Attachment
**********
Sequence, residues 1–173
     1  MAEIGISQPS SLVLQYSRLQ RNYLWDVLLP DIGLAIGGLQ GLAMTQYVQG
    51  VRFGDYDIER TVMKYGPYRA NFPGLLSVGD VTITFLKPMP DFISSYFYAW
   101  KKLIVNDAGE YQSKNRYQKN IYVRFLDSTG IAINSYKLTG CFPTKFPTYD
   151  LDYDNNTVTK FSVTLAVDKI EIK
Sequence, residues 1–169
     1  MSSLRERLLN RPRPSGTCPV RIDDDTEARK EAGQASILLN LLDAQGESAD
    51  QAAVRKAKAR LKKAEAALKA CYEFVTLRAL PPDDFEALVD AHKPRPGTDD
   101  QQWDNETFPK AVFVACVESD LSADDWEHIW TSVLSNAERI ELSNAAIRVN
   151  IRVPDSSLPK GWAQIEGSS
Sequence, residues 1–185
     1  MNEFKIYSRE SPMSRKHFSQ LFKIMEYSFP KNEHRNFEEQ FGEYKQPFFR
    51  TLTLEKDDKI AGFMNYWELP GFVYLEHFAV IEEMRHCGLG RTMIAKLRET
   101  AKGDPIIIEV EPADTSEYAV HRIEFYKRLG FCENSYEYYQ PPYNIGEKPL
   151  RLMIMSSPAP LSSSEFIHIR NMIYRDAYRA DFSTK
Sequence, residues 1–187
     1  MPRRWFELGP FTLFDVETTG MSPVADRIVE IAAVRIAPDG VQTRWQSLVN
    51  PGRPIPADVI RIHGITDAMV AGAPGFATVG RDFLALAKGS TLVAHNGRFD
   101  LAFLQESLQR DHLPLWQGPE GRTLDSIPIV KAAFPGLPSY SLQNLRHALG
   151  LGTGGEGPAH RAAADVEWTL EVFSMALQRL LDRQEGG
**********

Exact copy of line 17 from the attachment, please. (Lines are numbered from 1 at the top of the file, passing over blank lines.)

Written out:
     1  MPRRWFELGP FTLFDVETTG MSPVADRIVE IAAVRIAPDG VQTRWQSLVN